- Venomous: No
- Temperament: Semi-aggressive - More aggressive than other angelfish from their genus.
- Compatible with:
- Same species - conspecifics: Sometimes - In a tank over 180 gallons, a mated male/female pair may be kept. Keeping it with others of the same genus will take in tanks that are 250 to 300 gallons that has plenty of places to hide, and adding the less aggressive species first.
- Peaceful fish (gobies, dartfish, assessors, fairy wrasses): Safe
- Semi-Aggressive (anthias, clownfish, dwarf angels): Monitor - May be aggressive toward dwarf angelfish feeding off the substrate, possibly because it may see them as potential food rivals.
- Aggressive (dottybacks, 6-line & 8-line wrasse, damselfish): Safe
- Large Semi-Aggressive (tangs, large angels, large wrasses): Safe - Safe as long as other angelfish or butterflyfish do not have the same shape or coloring
- Large Aggressive, Predatory (lionfish, groupers, soapfish): Monitor - Make sure they are not chasing or stressing your Blue-stripe angelfish.
- Slow Swimmers & Eaters (seahorses, pipefish, mandarins): Threat - Angelfish will out compete these animals for food.
- Anemones: Monitor - May be okay if there is a pugnacious clownfish guarding the anemone.
- Mushroom Anemones - Corallimorphs: Safe
- LPS corals: Threat
- SPS corals: Threat
- Gorgonians, Sea Fans: Threat
- Leather Corals: Safe
- Soft Corals (xenias, tree corals): Threat - Should not bother corals from the Lobophytum, Cladilla, Lemnalia, and Sinularia genera.
- Star Polyps, Organ Pipe Coral: Threat
- Zoanthids - Button Polyps, Sea Mats: Threat
- Sponges, Tunicates: Threat
- Shrimps, Crabs, Snails: Safe
- Starfish: Safe
- Feather Dusters, Bristle Worms, Flatworms: Threat
- Clams, Scallops, Oysters: Threat
- Copepods, Amphipods, Mini Brittle Stars: Safe
No sexual differences are known, but it is often reported by divers in southern Japan that the species is seen swimming in pairs. Some have stated the male is larger.
Not yet bred in captivity, but larvae has been captured and raised in captivity. In captivity they have been reported to court and spawn, with a known spawning in at least one public aquarium. In courtship the male displays in front of the female with fins erect, and sometimes will lay down on his side on the substrate. Like other angelfish, in the final stages before actual spawning the male exhibits a "soaring" display.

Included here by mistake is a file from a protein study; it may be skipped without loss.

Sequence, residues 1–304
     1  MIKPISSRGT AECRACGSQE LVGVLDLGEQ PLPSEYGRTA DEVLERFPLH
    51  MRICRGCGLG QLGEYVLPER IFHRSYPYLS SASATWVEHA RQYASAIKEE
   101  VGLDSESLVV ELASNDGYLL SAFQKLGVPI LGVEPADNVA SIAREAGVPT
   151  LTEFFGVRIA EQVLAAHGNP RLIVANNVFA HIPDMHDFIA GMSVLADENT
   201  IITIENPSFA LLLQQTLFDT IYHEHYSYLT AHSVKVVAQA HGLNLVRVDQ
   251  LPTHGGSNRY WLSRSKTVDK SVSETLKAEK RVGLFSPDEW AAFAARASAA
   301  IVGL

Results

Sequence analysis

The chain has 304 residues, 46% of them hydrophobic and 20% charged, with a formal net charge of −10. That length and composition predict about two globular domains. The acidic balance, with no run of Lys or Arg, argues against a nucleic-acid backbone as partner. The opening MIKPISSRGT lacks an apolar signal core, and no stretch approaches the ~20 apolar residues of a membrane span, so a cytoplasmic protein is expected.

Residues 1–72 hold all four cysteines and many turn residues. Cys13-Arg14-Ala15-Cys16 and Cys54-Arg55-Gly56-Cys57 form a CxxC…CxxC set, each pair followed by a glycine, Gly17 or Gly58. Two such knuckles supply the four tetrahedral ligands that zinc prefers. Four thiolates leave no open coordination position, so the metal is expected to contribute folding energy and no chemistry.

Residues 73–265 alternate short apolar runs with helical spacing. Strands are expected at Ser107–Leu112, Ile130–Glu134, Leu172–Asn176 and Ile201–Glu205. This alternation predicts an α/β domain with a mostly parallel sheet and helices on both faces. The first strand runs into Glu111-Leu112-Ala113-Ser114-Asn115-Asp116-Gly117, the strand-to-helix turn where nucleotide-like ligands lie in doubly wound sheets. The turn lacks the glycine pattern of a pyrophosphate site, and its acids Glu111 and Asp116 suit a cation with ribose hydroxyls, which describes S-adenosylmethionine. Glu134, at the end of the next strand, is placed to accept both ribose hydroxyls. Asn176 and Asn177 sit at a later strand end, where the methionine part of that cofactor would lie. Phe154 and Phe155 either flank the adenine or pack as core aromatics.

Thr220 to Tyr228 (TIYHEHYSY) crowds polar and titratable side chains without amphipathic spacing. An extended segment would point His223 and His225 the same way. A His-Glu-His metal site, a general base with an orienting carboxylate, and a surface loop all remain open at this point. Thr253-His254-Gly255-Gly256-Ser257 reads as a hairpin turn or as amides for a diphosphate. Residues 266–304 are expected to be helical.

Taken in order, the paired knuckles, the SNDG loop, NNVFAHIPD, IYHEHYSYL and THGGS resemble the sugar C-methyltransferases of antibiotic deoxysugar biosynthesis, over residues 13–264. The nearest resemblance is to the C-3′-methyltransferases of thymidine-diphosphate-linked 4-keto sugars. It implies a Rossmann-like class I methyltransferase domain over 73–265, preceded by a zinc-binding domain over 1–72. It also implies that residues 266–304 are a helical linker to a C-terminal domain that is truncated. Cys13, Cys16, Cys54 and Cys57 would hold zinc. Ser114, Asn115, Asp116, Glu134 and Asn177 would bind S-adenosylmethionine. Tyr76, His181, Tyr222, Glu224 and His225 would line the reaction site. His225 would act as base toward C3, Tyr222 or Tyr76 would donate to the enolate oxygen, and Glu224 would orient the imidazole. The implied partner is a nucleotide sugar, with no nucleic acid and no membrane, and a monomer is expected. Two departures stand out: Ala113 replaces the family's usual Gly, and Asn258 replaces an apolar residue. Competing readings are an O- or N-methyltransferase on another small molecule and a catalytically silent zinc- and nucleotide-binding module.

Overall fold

- Ease of Breeding: Difficult
Although the Blue-Stripe Angelfish is quite hardy, at times illnesses can arise. Like other saltwater angelfish they are prone to any disease that captive saltwater environments have to offer. They are most likely to be affected if they are stressed from inappropriate housing or tank mates. Providing an angelfish with clean water, a proper decor with places to hide, and regular feeding is the best way to prevent illness. Calm angelfish are healthy fish. If not stressed, they will have a stronger immune system to prevent infections. To avoid a condition called nutritional blindness in angelfish, which can occur around 6 to 8 months after taken into captivity, feed green leafy food that have Vitamin A, as well as making sure there is plenty of natural occurring algae in the tank.
White Spot Disease Cryptocaryon irritans, also known as Marine Ich, Saltwater Ich, or Crypt is the most common disease that is generally associated with marine tangs and angelfish. Symptoms of Marine Ick are constant scratching, culminating with lots of white dots. These dots disappear for a few days, only to return with double the number. This results in the fish suffocating from these parasites blocking the gills from providing oxygen.